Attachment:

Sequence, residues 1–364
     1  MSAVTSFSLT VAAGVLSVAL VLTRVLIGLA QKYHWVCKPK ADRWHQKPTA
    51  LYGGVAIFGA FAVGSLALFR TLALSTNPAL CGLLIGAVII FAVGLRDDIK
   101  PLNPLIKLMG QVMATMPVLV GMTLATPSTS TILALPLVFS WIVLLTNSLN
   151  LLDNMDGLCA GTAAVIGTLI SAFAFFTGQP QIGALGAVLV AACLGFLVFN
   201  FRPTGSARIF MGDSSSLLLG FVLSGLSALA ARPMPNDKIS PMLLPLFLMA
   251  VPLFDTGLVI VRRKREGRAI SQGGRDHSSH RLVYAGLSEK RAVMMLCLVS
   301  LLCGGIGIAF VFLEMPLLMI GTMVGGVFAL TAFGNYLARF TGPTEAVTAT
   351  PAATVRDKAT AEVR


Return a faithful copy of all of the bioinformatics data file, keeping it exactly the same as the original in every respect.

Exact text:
Sequence, residues 1–364
     1  MSAVTSFSLT VAAGVLSVAL VLTRVLIGLA QKYHWVCKPK ADRWHQKPTA
    51  LYGGVAIFGA FAVGSLALFR TLALSTNPAL CGLLIGAVII FAVGLRDDIK
   101  PLNPLIKLMG QVMATMPVLV GMTLATPSTS TILALPLVFS WIVLLTNSLN
   151  LLDNMDGLCA GTAAVIGTLI SAFAFFTGQP QIGALGAVLV AACLGFLVFN
   201  FRPTGSARIF MGDSSSLLLG FVLSGLSALA ARPMPNDKIS PMLLPLFLMA
   251  VPLFDTGLVI VRRKREGRAI SQGGRDHSSH RLVYAGLSEK RAVMMLCLVS
   301  LLCGGIGIAF VFLEMPLLMI GTMVGGVFAL TAFGNYLARF TGPTEAVTAT
   351  PAATVRDKAT AEVR